Drought Watch 2014
No matter what happens in the remaining few weeks of the “wet season,” California's drought is unlikely to be quenched. 2013 is in the books as California's driest calendar year on record. More than half of our precipitation typically falls in three months: December, January and February. There was virtually nothing in the rain gauge for December and January and the precipitation window has essentially closed as we move into summer, with profound implications for life and livelihoods in California.
All Eyes on the Sierra
Snow that accumulates in the Sierra accounts for about a third of the state's water supply. Water content of the snowpack is a small fraction of what's considered normal.
Officials are also watching key reservoirs that supply the complicated plumbing that carries water to farms and cities throughout the state. Reservoirs are low without the benefit of much recharge from winter rain and snowfall. Last winter was dry, too, especially the latter part. That means there is little carryover supply to help get us through the summer.
The list of cities and water districts announcing water restrictions – both voluntary and mandatory — is growing rapidly.
The state’s $45 billion agricultural sector faces severe cuts in water supply, too, which could mean acres — reportedly as many as a half-million — taken out of production, leading to high unemployment in farm communities and, potentially, higher food prices.
State and federal water managers have set planned allocations from the state's two largest water delivery projects at zero for the first time ever, though “health and safety” supplies, like drinking water, will be provided.
Scant rainfall in the new year has set the stage for more than 600 wildfires and added a new threat for endangered salmon.
Gov. Jerry Brown declared an official statewide drought on January 17, as he called for a voluntary statewide reduction in water consumption. The drought declaration outlines 20 steps, some mandatory, some merely advisory, to meet water shortages that have already started to affect many communities. State water officials have released monthly plans for operating the state's reservoirs and rivers in an attempt to balance the needs of people and wildlife.
Following the ups and downs of a key state reservoir and what they mean for the drought water supply. ...Read More
Water managers are walking a tightrope this year, balancing three competing needs: how much water to deliver to people and agriculture, how much to provide for wildlife and how much to save for next year, in case it’s just as dry.
First the freeze, now a crippling water shortage confront citrus growers in the Central Valley.
Distributing enough water to everyone has never been an easy task in perennially thirsty California. But making sure that residents, farms and the natural environment are all sufficiently hydrated becomes a particularly difficult balancing act during prolonged droughts. Simply put, there's just not enough to go around. Cartoon journalist Andy ...Read More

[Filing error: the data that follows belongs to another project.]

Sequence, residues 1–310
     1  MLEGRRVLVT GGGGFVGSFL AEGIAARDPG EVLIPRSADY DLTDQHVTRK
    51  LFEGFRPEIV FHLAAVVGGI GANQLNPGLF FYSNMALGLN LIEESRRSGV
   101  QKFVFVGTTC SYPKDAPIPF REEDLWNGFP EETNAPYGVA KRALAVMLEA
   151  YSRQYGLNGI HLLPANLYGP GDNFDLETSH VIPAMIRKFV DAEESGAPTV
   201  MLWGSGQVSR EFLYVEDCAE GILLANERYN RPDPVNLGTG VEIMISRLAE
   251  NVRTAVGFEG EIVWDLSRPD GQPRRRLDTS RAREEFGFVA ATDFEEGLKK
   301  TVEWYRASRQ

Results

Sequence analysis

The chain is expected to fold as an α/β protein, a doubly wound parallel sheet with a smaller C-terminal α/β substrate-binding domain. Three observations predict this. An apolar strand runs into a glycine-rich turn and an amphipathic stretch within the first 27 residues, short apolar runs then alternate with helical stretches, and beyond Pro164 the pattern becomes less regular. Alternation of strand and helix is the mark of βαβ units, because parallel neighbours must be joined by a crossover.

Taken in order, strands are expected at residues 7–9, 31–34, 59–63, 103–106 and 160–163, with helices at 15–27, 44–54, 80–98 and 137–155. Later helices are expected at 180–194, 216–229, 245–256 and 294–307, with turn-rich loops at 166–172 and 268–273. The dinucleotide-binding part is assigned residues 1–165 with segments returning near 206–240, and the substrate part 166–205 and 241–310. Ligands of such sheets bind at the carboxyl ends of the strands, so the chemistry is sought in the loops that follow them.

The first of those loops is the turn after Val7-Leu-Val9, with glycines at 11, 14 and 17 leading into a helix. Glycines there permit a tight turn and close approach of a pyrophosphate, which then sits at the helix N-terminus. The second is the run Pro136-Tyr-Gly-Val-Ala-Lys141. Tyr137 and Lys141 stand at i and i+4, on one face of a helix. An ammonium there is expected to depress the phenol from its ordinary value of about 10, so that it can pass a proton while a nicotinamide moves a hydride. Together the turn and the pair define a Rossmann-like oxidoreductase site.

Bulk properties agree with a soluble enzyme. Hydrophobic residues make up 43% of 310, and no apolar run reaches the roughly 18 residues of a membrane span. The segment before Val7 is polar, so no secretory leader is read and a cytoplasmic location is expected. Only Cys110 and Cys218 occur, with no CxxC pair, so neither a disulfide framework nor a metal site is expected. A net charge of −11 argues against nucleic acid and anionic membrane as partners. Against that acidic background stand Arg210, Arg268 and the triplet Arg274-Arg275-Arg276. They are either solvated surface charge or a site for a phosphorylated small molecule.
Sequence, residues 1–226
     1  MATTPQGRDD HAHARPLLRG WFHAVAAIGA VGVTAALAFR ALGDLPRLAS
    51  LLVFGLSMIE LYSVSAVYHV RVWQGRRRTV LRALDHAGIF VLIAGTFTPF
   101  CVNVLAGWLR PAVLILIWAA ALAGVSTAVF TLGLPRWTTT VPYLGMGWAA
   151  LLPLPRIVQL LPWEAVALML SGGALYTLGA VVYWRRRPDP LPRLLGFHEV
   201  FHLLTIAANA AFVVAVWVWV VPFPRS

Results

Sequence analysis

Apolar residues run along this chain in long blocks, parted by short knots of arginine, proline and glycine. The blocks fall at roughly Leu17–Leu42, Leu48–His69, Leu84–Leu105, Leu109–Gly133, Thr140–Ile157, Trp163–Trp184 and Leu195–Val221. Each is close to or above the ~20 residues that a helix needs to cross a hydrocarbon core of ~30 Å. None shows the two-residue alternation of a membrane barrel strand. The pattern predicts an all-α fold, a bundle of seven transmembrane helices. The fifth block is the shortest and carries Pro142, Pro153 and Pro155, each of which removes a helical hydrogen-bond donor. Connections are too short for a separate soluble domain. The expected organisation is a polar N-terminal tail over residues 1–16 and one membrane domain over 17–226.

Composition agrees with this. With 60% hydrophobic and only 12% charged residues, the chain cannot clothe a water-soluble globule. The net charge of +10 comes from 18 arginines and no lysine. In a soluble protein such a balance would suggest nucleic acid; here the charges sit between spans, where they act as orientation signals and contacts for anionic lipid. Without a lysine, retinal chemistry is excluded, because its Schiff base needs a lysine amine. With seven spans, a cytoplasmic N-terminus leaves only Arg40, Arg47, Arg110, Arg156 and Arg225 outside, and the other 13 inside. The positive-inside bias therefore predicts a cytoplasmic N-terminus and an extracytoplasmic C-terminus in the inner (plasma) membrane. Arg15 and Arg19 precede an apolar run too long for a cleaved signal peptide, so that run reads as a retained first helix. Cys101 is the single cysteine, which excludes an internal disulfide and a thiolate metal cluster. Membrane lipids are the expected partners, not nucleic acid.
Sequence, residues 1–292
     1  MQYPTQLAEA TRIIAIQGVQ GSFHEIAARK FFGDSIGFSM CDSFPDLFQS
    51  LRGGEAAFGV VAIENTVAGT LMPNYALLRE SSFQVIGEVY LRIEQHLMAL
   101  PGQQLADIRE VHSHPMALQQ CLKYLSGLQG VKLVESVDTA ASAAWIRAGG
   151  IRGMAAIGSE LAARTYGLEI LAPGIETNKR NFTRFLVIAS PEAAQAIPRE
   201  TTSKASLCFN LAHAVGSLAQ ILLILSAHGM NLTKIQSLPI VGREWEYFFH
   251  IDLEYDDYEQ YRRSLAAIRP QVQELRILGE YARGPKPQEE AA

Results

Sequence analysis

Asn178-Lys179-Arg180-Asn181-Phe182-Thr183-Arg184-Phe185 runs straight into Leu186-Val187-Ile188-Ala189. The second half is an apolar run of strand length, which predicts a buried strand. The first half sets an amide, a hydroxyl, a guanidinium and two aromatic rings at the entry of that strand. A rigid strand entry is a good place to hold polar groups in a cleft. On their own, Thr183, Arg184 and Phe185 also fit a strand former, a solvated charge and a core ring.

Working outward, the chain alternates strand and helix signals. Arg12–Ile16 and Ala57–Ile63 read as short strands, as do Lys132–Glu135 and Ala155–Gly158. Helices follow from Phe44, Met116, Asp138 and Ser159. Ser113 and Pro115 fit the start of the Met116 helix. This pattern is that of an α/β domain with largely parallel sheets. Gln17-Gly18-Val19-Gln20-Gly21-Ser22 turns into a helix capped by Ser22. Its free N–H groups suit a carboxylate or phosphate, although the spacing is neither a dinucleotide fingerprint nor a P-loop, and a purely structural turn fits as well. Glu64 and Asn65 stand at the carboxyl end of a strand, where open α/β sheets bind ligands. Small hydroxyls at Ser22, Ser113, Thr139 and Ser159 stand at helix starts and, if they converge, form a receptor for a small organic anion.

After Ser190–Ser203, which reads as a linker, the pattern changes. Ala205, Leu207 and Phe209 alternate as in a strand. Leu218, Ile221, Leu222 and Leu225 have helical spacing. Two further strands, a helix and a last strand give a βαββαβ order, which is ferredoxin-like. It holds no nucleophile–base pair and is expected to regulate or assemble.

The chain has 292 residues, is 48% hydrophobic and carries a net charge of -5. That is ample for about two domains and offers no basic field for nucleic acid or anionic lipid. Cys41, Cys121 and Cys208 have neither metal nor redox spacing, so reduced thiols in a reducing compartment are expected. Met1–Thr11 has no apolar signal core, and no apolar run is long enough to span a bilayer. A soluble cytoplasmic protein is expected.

A key indicator of California's water prospects is likely to peak out at about one-third of normal.
The drought is putting a spotlight on water use around California, including for hydraulic fracturing. How much water does fracking use and will it increase as companies tap into the Monterey Shale, estimated to be the largest oil resource in country?
Dry years stifle a key tourist attraction, creating challenge for supporters of state's largest park. ...Read More
Wildlife officials say trucking is the only way to make sure hatchery salmon reach the Pacific. ...Read More
These are bone dry times for California. Even with the recent rains, the state is still mired in one of its worst droughts in recorded history. And that spells trouble for the vast agriculture industry here. Cartoon journalist Andy Warner explains. View as slideshow Andy Warner's comic journalism has ...Read More
We're expecting rain late Tuesday and Wednesday, but it's unlikely to help boost water storage. ...Read More
When do amber waves in your toilet bowl begin to become socially unacceptable, and other questions. ...Read More
Talk of California's drought shifts this week to a place that knows a little bit about water scarcity: the deserts of the Coachella and Imperial Valleys. That's where state officials are meeting with local farmers, residents and decision makers. ...Read More
California's landscape is peppered with a huge collection of dams and reservoirs, providing water — and in some cases power — to cities and farms throughout the state. Most of these reservoirs typically fill up during the wet winter months and are slowly depleted over the course of the summer ...Read More
Everything's in place, including drought, to allow agency to tap water it has tried to get for decades. ...Read More
Less consumption in places with water meters, which will be required in all homes and businesses by 2025.
Scientists are finding that dust storms in Asia and Africa influence how much snow falls in the Sierra Nevada. The research could help make weather forecasting more accurate and improve how California manages its water supply.
Recycled water plant relies on technology used successfully from Singapore to Orange County. ...Read More